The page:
Question: I loved the short film, Pariah by Dee Rees and am eagerly awaiting it being made into a feature-length film. Can you tell us when we may see Pariah on the big screen and what else Rees is working on these days?
— Celeste, Shreveport, LA
Answer: I, too, am a huge fan of Pariah, it blew me away when I saw it at Outfest in Los Angeles a couple of years ago. I had the pleasure of meeting the writer/director Dee Rees and her partner and Pariah producer Nekisa Cooper at the festival too. You’ll be happy to know that Rees was named one of Filmmaker Magazine’s “25 New Faces of Independent Film” for 2008, and Cooper recently participated in the inaugural Sundance Creative Producing Lab that nurtures emerging independent producing talent.
I touched base with Cooper regarding your questions. About the short film version of Pariah, she said:
In January, we held a screening of the short in New York City co-sponsored by The Hetrick Martin Institute (The Harvey Milk School), Green Chimneys and The Ali Forney Center where we announced the internship opportunity for LGBTQ youth on the feature production of Pariah to demystify the filmmaking process and expose them to career opportunities in the industry. To date we’ve screened the short in over 40 festivals and won more than 25 awards in mainstream, LGBT, and people of color festivals. The short will be distributed exclusively on the educational market via New Day Films starting in May 2009.
Adepero Oduye in a scene from Pariah
Regarding the feature-length version of Pariah, Cooper told us, "We’re partially funded and looking to shoot the feature in summer of 2009, and Dee participated in the Sundance Directing Lab in the summer of 2008 and workshopped seven scenes from the feature."
They’re also finishing up production on a documentary about Rees’s grandmother, Eventual Salvation. Having barely escaped with her life over a decade ago, Rees’s American born 80-year old grandmother returns to Monrovia, Liberia to rebuild her home and community after the devastating Liberian civil war. The film is the story of Amma’s journey home to help rebuild the country that gave her a second chance. (Click here to watch a clip from the film.)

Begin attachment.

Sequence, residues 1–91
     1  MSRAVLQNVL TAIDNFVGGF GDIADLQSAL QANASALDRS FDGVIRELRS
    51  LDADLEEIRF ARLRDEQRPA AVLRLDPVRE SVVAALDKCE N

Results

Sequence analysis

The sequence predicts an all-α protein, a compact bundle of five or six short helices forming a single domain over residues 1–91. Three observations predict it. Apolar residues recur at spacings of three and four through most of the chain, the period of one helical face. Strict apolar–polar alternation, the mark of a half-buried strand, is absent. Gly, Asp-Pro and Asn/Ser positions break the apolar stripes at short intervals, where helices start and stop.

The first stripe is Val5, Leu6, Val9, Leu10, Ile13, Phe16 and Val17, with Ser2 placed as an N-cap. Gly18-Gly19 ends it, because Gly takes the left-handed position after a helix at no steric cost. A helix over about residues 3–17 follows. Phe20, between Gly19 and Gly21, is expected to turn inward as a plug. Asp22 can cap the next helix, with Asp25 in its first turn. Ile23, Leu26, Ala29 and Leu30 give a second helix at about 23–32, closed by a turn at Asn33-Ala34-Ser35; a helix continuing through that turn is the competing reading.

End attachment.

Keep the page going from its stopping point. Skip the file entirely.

A still from Eventual Salvation
Eventual Salvation follows Amma and her circle of friends and walks with them as they search for personal salvation while Liberia itself struggles for deliverance from 10 tumultuous years of civil war. For this film, Rees and Cooper are working with the talented composer from Frozen River, Shahzad Ismaily (Shahzad is currently working on Bjork’s upcoming album), and Eventual Salvation will premiere on the Sundance Channel in Fall 2009.
Finally, because they’re not busy enough, Rees and Cooper are also working on Colonial Gods, a contemporary story about a complicated friendship between a Somali man and Nigerian man set against the backdrop of gentrification and revitalization in the social housing neighborhoods of Cardiff Bay. Colonial Gods was the winners of the inaugural Iris Prize (25,000 pounds to shoot a LGBT-themed short film in Wales), and the Rees and Cooper will be going into production on it in April and premiere the film at the 2009 Iris Prize Festival in Cardiff, Wales.
For some reason, I suddenly feel very, very lazy.